Cafod led a very moving presentation in the afternoon from young people from Manchester who, back in the summer, travelled to Africa to help in various projects. They took the joy of sport to many seriously poor towns and villages and, along with the aid being poured in from Cafod in water sanitation projects and so on, helped inspire some of the young from these townships, some of whom now have very clear ideas of what they want to do with their lives, and will not allow their poverty to stop them. The Mizen Family spoke about their own experiences after the murder of their 16 year old son Jimmy took place in 2008, and how their Faith helped them through: rather than being angry or bitter, they bring messages every time they speak of hope, peace and reconciliation, rooted in faith. Stef Reid, a 28 year old Paralympic athlete from America (who holds the World Long Jump Record), spoke about her accident which initially ended her sprinting career. However, through her belief in God and faith in his guiding hand, how she not only went on to become a very successful Paralympic athlete, but how she works to inspire others. Debbie Flood from Team GB (5 times World Championship Gold Medallist), spoke about her amazing journey to being able to represent our country this year in the rowing, and how her faith saw her through the agonising hours of training and preparation.

Sr Catherine Holum CFR, a Franciscan Sister of the Renewal from America (currently working in the Leeds Diocese) spoke about her remarkable journey to Olympic Gold at the age of 17 in speed skating in the 1998 winter Olympics, and how she then had her “calling” to become a nun and inspire and work with young people. She offered a unique insight into the links between faith and sport.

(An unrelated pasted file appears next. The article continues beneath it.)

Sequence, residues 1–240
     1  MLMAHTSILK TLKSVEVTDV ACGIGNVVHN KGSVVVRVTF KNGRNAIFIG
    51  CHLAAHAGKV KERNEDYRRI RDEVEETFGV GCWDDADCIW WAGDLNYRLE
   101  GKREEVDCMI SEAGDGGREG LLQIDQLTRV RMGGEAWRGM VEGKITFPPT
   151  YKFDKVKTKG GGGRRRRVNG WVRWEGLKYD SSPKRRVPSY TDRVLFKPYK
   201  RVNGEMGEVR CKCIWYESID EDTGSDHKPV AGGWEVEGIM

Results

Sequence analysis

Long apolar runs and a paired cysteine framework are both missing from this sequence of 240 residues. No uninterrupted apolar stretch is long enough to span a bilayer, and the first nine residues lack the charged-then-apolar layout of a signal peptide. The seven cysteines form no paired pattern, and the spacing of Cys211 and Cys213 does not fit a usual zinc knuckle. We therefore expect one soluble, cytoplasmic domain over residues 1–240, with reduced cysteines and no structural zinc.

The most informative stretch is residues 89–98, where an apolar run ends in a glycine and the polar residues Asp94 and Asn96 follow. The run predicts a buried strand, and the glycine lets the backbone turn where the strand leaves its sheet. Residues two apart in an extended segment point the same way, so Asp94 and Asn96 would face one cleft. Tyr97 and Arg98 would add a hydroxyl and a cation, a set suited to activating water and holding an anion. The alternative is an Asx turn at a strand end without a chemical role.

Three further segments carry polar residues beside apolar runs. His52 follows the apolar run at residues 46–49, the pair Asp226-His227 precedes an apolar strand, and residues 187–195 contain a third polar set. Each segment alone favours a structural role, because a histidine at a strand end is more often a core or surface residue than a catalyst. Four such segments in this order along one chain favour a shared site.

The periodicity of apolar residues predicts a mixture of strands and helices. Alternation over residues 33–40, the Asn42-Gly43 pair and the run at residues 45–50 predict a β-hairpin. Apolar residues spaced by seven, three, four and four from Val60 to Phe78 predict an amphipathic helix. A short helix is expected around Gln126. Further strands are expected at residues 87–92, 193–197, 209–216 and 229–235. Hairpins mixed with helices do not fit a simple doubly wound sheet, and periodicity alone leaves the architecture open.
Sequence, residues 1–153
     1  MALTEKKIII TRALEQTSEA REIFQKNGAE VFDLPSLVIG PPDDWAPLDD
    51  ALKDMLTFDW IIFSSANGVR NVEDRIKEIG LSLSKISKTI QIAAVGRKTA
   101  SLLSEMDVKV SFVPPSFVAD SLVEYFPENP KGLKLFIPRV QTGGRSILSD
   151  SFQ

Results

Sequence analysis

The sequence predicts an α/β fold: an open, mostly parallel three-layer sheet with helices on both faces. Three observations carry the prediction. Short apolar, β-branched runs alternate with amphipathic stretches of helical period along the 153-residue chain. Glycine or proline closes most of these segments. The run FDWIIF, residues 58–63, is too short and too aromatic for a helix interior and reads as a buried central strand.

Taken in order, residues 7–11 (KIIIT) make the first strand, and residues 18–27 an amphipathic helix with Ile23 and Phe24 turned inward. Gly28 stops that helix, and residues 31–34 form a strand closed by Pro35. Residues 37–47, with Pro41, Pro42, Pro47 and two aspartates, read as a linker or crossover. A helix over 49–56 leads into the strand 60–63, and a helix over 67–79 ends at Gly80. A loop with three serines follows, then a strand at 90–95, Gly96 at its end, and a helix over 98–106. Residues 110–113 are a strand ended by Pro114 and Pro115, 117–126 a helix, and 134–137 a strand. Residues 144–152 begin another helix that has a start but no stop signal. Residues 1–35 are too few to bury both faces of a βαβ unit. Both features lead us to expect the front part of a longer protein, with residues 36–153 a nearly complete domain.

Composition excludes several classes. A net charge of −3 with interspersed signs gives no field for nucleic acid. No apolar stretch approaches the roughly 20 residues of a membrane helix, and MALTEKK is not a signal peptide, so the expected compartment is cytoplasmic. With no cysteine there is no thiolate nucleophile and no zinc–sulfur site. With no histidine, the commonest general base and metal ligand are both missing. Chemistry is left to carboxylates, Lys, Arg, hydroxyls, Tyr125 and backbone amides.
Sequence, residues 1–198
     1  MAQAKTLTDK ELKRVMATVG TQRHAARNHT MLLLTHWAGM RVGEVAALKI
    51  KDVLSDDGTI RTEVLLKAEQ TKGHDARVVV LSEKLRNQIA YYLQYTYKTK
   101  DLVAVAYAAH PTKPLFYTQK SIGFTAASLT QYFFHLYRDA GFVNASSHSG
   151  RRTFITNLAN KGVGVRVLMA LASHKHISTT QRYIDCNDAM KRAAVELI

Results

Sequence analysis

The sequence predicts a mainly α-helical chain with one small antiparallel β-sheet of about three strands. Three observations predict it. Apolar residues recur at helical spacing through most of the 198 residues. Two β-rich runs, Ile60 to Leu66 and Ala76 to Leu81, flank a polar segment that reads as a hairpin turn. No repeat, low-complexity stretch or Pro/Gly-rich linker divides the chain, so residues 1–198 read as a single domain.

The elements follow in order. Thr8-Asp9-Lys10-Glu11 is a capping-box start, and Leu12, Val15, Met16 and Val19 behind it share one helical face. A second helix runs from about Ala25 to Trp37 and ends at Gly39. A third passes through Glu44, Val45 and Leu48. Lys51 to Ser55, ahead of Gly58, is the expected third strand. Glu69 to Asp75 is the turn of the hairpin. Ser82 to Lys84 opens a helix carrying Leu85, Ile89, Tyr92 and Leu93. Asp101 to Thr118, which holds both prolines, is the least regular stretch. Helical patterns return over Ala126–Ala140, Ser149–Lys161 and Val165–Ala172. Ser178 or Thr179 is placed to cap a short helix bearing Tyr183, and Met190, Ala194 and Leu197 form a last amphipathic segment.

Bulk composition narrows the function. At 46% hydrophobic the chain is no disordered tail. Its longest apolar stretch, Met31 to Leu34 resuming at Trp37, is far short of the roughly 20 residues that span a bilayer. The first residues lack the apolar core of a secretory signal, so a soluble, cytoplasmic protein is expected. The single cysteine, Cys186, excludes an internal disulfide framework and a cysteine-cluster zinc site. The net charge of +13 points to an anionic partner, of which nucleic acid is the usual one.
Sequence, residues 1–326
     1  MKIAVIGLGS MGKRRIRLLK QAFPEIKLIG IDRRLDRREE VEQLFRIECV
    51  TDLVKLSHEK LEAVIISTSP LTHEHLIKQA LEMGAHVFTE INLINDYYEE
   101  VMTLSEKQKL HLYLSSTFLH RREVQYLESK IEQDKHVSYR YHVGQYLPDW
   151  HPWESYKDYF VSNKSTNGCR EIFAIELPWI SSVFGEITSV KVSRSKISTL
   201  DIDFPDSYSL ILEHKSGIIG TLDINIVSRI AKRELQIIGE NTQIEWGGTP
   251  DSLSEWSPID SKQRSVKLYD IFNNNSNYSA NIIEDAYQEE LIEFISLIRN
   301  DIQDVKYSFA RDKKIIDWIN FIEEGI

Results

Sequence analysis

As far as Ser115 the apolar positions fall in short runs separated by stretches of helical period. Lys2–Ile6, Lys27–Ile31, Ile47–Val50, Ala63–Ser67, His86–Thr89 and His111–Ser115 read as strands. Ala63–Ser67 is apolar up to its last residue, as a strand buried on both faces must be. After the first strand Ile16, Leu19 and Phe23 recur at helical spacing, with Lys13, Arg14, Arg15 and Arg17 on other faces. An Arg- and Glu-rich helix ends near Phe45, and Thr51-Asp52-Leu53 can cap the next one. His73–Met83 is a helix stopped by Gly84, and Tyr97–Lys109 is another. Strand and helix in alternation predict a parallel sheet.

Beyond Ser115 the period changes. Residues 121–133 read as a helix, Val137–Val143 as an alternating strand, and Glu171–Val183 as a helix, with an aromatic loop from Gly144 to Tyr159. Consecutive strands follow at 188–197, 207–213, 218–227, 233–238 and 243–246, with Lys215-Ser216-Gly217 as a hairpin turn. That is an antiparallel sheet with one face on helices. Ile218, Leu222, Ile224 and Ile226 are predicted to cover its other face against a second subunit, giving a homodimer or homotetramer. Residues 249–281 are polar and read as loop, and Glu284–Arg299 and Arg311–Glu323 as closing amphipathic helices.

The above speakers were interspersed with music and drama, including music from Indecisive.

Fr Christopher Jamison OSB from Worth Abbey and Director of the National Office for Vocations calmed the mood down in preparation for our closing liturgy, which was led by Archbishop Vincent Nichols and included a Liturgy of the Word, homily delivered by the Archbishop, and Exposition and Benediction of the Blessed Sacrament.

We are told that our young people are the future of The Church. That of course is true. However, it goes beyond that, as the future of our society, of our moral values, the care and respect of those less fortunate than ourselves, all rest with our young people. Having had the privilege of travelling with them to World Youth Day and working with many of them in our own Young People’s Group, to spend the day with them again in Wembley cannot be described in any way other than a privilege. They are an inspiration to all, and it was a great joy to see them being so excited about the day, and also being proud to be Catholic.

Our young people are a credit to themselves, and their parents. For us as leaders, it is one of life’s great privileges to be able to work with them, and we thank them for the inspiration they give us. Many who travelled with us are doing their A Levels or are now at university, and we wish them well in all that they do both now, and in the future: you will always be in our prayers.

Andrew Richardson